Could Menstrual Leave be Helpful for Endometriosis?
You may have heard about menstrual leave in the media. Most recently, an Indian company (Zomato) gained some press from giving menstruating employees 10 days off per year.1 Menstrual leave is a policy that gives menstruators time off to take care of themselves when experiencing difficult menstrual symptoms. There are some countries that have national menstrual leave policies, and there are some companies that take in upon themselves to offer these benefits.
How can menstrual leave help us?
When I think of menstrual leave policy, I think about how much this could potentially benefit those with endometriosis who can suffer from significant impairment around menstruation. In some countries, paid sick days are guaranteed, but in the U.S., there are no federal regulations for paid sick leave. As a result, many employees have to take unpaid days off if they can afford it. However, the jobs without paid sick time tend to be the jobs that are lower paying to begin with. The lack of regulations and support for paid time off is particularly problematic for people who experience chronic illness. For some, no paid sick time can prevent secure employment, or result in significant economic disparities. Chronically ill populations are already burdened financially because of medical treatments. In fact, not only does chronic illness affect socioeconomic status, but SES is also a risk factor for chronic illness.2
Given the lack of federal regulations for paid sick time, it should come to no surprise that the U.S. also does not have a federal policy for menstrual leave. Perhaps menstrual leave could alleviate some of the burden of endometriosis symptoms if we were able to take that time off without cutting into sick days. It would be reassuring to know that each month a day was there to support our physical needs and allow us to be well.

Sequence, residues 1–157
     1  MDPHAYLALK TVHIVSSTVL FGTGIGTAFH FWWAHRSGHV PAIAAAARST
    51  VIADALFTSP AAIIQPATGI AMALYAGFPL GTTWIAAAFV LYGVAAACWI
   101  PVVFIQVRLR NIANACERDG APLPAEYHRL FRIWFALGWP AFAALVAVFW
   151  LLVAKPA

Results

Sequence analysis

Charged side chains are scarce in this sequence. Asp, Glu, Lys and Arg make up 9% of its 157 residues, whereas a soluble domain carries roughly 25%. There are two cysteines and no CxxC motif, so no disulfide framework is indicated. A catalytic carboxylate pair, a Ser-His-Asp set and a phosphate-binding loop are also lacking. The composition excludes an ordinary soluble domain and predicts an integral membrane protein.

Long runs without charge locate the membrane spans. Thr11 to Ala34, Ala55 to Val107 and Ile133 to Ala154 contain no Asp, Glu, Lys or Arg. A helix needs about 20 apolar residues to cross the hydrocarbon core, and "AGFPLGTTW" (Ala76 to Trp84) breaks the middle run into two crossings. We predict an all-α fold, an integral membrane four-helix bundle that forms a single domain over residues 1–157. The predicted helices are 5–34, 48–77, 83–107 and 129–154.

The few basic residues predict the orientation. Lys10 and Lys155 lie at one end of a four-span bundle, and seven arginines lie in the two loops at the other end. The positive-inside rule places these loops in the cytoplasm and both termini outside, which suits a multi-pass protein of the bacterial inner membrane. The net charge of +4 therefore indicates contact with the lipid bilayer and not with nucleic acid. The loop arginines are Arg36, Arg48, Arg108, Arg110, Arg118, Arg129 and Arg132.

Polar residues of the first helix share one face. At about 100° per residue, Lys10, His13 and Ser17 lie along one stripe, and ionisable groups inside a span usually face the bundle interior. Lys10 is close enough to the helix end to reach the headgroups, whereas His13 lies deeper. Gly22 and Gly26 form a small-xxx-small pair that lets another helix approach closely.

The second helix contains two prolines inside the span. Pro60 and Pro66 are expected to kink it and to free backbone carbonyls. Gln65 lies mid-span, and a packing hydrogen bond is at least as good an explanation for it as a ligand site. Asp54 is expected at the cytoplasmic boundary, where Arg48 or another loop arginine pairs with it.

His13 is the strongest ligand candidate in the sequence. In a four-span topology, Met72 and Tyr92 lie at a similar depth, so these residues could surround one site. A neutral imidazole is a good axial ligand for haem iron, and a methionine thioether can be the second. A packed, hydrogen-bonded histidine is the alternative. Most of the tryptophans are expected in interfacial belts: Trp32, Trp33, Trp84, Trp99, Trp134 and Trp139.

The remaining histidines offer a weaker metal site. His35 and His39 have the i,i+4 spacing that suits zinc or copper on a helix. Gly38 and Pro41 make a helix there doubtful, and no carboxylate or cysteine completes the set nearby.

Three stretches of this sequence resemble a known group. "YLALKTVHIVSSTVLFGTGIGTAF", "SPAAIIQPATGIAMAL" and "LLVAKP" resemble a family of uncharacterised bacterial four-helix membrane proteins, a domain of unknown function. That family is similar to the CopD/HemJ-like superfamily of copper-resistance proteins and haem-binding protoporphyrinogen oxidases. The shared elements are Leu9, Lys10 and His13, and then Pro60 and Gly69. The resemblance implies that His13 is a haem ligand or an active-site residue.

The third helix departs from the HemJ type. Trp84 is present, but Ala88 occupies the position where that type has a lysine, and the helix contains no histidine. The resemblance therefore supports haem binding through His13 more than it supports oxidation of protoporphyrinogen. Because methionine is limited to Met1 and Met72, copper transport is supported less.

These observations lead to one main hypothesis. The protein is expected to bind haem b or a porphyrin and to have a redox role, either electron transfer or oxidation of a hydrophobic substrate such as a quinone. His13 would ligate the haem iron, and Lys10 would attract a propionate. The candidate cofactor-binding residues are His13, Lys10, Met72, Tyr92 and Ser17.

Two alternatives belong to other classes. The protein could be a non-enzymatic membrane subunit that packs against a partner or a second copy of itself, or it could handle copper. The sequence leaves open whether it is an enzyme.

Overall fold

Are there reasons to be cautious about menstrual leave?
At the same time, there is a need to understand whether or not menstrual leave policies could actually negatively impact menstruators. Currently, there is a lack of statistical research on the effects of the policy, either positive or negative.3 For example, do we know whether menstrual leave actually improves the health and well-being of menstruators? Does it make menstruators more productive employees or does it impede company productivity? Does it reduce or worsen menstrual stigma? Does it have the potential to increase workplace discrimination or hostility towards menstruators? For example, is there an effect of these policies on the hiring of menstruators or the salaries offered?
In one study, my colleagues and I examined U.S. participants’ attitudes toward menstrual leave.4Although almost half of the participants said they would support menstrual leave in the U.S., just about half also said they anticipated negative effects of the policy. Some of the negative effects participants anticipated were the unfairness to non-menstruators, the potential impact on the workplace, discrimination against menstruators, and many thought the policy would be viewed as unnecessary. We concluded that perhaps some of the benefits of menstrual leave could be achieved in other ways while avoiding some of the potential negative effects. For example, offering workplace flexibility such as working from home, having alternate responsibilities during menstruation, or a wellness room could also achieve these goals.
What are your thoughts about menstrual leave? Is this a policy that you would benefit from? Does this opportunity exist in your workplace?
Have you heard about the new tampon technology currently being tested to detect endometriosis?